Climate change risks are increasing.
Climate change is projected to increase the frequency and severity of climate-related hazards, such as storms and extreme precipitation, flooding, sea-level rise, and heat waves and an increase in the spread of vector borne diseases.
Nearly 634 million people – one tenth of the global population – live in at-risk coastal areas, just a few meters above existing sea levels. Three quarters are located in Asian flood-prone densely-populated river deltas or in low-lying small island states. The world’s 136 largest cities could be facing annual flood losses of US $1 trillion by 2050. Globally, from 2001 - 2010, the economic loss related to hydro/meteorological events was US $660 billion, a 54% increase compared to 1991 - 2000. 
Most at risk are the safety and the economic development of communities in Small Island Developing States, Least Developed Countries, African countries, and other countries that have significant populations who are vulnerable to the impacts of climate change.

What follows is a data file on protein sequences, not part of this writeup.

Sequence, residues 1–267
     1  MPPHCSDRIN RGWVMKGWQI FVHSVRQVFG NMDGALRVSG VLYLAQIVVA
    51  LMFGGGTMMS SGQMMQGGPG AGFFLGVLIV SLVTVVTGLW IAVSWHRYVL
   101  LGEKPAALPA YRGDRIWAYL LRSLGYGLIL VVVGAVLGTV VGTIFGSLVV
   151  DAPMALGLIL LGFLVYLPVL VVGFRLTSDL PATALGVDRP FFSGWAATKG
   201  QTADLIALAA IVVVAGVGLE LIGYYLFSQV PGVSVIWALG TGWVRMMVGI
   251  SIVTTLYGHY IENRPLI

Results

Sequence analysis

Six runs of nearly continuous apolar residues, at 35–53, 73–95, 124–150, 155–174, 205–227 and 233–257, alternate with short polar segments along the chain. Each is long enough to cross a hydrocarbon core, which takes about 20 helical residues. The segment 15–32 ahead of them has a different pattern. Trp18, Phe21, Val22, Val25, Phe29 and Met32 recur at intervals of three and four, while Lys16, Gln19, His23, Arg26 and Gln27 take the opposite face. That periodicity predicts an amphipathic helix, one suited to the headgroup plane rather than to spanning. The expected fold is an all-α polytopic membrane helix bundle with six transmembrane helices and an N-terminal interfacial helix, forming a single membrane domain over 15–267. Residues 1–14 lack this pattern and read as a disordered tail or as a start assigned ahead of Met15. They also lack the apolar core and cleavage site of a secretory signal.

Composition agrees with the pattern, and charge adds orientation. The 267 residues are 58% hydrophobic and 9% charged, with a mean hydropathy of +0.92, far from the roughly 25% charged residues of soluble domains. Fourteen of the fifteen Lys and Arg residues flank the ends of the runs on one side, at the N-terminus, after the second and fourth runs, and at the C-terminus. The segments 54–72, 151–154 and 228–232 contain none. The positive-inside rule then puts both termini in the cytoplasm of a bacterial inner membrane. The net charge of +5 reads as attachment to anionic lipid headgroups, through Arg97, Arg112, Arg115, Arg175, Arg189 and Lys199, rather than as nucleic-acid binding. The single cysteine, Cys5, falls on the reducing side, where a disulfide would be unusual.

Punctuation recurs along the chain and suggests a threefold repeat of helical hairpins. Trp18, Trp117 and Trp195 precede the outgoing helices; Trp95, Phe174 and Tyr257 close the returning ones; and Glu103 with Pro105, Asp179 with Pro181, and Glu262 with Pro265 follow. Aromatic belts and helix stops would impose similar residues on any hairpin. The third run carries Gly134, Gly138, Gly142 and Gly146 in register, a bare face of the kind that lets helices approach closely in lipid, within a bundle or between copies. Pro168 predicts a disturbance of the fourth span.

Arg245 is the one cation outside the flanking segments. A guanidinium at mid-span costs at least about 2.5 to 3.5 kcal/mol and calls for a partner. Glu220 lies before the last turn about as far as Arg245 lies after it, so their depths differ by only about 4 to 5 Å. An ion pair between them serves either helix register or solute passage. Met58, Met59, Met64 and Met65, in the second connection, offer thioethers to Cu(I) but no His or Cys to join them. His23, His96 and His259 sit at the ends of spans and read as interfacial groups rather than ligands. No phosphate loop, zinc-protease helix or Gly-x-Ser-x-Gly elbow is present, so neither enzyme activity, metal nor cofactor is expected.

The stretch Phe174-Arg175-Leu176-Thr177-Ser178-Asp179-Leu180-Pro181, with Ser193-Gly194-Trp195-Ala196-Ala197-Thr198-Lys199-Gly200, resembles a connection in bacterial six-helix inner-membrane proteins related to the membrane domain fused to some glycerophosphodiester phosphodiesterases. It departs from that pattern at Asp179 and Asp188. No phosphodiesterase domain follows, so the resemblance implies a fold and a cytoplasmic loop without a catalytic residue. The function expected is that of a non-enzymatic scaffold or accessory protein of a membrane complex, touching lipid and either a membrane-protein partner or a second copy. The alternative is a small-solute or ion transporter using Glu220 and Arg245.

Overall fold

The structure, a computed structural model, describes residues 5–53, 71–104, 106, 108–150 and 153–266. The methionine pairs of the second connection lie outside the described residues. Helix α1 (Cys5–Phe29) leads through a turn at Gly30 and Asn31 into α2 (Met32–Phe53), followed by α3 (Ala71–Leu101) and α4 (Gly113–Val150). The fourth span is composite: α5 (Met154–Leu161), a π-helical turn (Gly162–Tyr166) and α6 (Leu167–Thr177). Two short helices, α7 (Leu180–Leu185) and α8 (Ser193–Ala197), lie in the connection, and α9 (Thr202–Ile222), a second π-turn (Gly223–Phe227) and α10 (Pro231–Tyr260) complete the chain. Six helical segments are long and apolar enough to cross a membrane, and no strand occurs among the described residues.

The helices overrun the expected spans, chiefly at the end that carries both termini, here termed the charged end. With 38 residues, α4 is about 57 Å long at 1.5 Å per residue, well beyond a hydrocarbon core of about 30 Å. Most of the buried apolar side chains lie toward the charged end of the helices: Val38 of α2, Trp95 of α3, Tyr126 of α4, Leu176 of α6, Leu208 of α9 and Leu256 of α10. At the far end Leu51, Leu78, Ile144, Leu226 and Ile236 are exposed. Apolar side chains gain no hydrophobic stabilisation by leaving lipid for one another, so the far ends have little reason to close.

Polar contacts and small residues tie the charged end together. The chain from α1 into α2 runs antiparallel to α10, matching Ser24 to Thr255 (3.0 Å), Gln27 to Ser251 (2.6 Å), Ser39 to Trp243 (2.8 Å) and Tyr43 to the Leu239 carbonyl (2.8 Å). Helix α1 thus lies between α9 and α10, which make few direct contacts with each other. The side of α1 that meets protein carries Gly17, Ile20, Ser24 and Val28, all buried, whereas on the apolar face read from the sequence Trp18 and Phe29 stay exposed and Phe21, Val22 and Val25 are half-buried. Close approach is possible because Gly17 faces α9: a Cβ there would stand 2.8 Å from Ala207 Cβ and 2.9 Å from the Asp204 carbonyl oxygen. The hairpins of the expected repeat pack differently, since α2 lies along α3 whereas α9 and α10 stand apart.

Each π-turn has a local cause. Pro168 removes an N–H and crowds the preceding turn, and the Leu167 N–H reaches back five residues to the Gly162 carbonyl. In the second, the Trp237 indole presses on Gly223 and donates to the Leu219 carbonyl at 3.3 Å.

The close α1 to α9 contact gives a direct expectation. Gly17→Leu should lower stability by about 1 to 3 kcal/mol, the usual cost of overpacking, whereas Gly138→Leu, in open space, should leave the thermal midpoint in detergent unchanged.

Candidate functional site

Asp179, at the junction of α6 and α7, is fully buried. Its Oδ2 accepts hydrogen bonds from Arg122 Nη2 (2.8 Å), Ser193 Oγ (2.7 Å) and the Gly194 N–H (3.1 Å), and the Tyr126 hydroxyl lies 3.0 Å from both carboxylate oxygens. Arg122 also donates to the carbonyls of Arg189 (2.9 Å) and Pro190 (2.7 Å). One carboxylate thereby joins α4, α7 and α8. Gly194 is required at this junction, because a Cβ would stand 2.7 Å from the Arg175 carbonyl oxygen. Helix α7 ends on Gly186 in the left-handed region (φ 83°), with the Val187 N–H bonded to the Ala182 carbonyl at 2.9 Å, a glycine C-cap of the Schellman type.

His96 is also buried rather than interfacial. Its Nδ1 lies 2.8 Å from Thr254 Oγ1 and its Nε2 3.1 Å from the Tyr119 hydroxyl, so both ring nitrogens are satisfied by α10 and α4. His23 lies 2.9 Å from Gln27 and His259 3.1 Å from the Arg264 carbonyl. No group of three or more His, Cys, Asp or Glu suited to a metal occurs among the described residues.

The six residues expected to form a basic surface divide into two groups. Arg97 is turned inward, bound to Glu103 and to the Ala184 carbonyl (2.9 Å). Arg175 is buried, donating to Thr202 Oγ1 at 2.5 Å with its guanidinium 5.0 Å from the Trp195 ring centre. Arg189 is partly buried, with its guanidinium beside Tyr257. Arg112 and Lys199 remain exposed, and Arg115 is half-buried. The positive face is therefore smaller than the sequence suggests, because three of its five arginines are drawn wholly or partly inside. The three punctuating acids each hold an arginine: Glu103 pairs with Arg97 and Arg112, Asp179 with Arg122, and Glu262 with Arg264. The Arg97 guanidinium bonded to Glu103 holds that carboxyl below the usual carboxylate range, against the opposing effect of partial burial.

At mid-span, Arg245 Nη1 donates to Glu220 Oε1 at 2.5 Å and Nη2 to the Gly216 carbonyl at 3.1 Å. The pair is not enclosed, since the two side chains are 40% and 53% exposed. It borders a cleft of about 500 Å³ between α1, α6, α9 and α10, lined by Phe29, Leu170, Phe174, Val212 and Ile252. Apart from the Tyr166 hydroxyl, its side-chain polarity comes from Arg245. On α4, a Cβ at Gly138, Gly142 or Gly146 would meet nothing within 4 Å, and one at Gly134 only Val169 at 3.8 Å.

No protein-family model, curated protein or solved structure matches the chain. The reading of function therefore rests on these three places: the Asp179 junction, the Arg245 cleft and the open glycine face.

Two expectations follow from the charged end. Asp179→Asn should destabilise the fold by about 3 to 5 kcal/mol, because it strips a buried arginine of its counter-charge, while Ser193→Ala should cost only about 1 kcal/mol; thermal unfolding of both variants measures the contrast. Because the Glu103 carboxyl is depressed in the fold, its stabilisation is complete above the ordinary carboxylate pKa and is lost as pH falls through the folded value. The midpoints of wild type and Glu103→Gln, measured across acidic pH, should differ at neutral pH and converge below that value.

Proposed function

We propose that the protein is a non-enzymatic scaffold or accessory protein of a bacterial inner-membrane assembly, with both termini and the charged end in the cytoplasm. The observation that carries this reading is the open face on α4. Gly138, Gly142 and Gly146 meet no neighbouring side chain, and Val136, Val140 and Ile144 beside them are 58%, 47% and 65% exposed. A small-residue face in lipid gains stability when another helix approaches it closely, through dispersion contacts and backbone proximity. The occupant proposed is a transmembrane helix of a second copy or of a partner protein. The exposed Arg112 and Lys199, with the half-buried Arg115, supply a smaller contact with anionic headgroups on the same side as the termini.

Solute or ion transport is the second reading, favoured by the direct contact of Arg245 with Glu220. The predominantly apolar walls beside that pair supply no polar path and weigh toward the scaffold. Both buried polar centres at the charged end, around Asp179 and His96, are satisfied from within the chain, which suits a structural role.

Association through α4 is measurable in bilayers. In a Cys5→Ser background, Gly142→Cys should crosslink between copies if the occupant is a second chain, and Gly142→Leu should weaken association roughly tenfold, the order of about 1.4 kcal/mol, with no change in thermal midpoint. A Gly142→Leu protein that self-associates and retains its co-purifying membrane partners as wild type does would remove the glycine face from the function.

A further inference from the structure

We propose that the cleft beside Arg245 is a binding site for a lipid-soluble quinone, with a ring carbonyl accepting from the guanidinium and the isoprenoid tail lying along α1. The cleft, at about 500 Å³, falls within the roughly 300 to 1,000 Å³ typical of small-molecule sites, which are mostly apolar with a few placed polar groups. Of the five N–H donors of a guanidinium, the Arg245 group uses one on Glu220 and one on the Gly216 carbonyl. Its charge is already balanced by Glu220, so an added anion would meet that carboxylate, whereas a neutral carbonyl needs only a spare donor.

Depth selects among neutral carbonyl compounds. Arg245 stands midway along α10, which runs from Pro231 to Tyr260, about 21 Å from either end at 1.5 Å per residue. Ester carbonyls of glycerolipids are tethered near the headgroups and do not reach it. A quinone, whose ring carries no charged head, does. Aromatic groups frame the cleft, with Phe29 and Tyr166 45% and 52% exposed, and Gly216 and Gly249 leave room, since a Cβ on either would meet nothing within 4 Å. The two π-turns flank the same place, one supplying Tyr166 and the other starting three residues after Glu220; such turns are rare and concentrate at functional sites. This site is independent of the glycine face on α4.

Early Warning-Early Action Systems
The most effective approach to protect communities from the threat of extreme climate events is to prepare them to act before a disaster. Early warning-early action systems offer a two-pronged approach:
(1) Early warning: provide communities with timely and actionable warnings, and
(2) Early action: equip them with the knowledge, procedures and resources they need so they are prepared to act on these warnings when they happen.
Advances in science and technology – such as global computer models, satellite imagery, and cheaper equipment for local meteorological offices – have dramatically increased the ability to predict extreme weather events and provide early warnings to the most vulnerable communities.
However, early warnings alone are not enough. Cyclone Nargis, Hurricane Katrina, and the food crisis in Niger are examples of situations when information about threats was insufficient to avert a disaster.
The most vulnerable nations and people need support in strengthening their ability to prepare for disasters before they happen. This means working closely with local communities to assess the root causes of the risks they face, sharing new technologies and best practices from around the world, providing communities with access to knowledge networks, reducing barriers to implementation, and releasing funding to accelerate this effort.